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Worms Might Hold Key to Parkinsonís Cure


Dundee University scientists believe that a simple worm can be a clue to why people develop Parkinsonís disease (also known as ďPDĒ).

The research, funded by The Parkinsonís Disease Society, will study a simple worm, called ďC. elegans,Ē in the hope of determining the factors that cause brains cells to die in Parkinsonís patients.

ďWith Parkinsonís on the rise, this is a truly game-changing discovery,Ē says Kay Mixson Jenkins, author of Who Is Pee Dee? Explaining Parkinsonís Disease to a Child. ďThis finding brings a lot of hope to PD patients as well as their families.Ē

Ms. Jenkins was diagnosed with Parkinsonís disease at age thirty-four. She decided to write a book to help her children understand the devastating disease. Who Is Pee Dee? follows a young boy named Colt as he tries to deal with his motherís chronic illness.

Even though worms donít develop Parkinsonís disease, scientists consider them an excellent model for PD research because they:
ē Share fifty percent of their genes with humans, including those involved with inherited Parkinsonís disease.
ē Have nerve cells that communicate with each other in a manner similar to humansí.
ē Have nervous systems similar enough to humansí that they can be used for PD studies.
ē Have nerve cells that might help to determine what causes PD patientsí brain cells to die.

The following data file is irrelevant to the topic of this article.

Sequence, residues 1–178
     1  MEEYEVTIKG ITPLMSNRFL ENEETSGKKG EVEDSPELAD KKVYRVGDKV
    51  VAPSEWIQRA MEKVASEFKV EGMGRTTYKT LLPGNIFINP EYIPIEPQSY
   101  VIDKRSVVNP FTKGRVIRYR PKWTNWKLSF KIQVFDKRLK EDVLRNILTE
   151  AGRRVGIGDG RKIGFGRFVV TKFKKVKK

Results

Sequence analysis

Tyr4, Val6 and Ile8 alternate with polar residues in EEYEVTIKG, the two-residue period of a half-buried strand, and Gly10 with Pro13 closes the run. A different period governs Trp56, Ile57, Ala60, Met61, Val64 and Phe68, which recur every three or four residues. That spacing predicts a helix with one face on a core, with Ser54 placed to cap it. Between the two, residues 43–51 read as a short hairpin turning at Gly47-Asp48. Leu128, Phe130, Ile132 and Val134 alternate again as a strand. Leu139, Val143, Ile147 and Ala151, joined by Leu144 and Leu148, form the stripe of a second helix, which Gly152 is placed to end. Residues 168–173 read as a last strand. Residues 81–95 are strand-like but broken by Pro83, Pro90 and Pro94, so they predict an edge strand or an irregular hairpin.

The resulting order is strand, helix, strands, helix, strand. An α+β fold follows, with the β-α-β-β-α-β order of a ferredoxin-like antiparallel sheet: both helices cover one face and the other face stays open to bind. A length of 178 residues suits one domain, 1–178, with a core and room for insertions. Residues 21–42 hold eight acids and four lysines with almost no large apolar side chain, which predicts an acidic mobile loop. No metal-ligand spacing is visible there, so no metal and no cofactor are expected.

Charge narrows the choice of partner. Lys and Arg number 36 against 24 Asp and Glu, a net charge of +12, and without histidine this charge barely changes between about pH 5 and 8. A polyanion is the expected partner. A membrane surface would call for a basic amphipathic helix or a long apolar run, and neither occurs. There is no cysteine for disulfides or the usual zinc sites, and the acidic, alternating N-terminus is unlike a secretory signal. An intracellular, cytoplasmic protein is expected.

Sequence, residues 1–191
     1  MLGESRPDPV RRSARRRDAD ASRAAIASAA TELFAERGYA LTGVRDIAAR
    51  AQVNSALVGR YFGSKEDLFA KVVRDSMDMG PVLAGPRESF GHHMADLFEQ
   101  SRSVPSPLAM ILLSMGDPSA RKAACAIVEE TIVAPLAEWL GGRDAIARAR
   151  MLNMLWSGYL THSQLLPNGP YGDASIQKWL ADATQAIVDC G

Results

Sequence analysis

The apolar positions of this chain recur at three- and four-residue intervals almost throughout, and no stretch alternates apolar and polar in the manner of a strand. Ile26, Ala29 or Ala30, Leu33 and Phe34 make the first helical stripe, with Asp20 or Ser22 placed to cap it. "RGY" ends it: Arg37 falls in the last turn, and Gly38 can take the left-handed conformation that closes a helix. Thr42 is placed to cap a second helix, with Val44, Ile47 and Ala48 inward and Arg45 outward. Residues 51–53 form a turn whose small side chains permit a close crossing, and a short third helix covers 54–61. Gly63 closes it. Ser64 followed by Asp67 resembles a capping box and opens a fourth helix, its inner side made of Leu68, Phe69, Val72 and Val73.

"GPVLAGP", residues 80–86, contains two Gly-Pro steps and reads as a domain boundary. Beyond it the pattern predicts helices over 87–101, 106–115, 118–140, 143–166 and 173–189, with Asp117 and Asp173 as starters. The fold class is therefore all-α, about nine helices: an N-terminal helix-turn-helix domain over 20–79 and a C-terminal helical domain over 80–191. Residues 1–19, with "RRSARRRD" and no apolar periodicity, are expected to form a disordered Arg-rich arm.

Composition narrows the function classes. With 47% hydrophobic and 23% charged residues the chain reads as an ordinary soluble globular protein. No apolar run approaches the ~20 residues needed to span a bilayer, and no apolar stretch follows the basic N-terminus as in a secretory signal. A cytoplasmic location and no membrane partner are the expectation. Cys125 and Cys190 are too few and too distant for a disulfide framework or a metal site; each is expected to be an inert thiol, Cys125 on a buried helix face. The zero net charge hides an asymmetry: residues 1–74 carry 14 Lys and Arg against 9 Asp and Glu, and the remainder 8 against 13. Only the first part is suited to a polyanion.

ē Are among natureís simplest organisms, which makes it easier for scientists to dissect and study impact of PD and its potential treatments.

ďHopefully, the outcome of this latest research will speed up the development of a new class of drugs that can mitigate the symptoms of PD and, ultimately, lead to a cure,Ē says Ms. Jenkins.

In addition to writing Who Is Pee Dee?, Ms. Jenkins is a leader in a nationwide effort to raise awareness about PD. As the founder of Parkinsonís in the Park, an affiliated chapter of the National Parkinson Foundation, Ms. Jenkins has created an outreach program that encourages families and friends to participate in the treatment of PD patients.

Kay Mixson Jenkins is also the Georgia state co-coordinator for the Parkinsonís Action Network, leads the Effingham County Parkinsonís support group and was selected as a Parkinsonís patient advocate for UCB, Inc.

Who Is Pee Dee? Explaining Parkinsonís Disease to a Child by Kay Mixson Jenkins is available on

For more information, contact the author directly at


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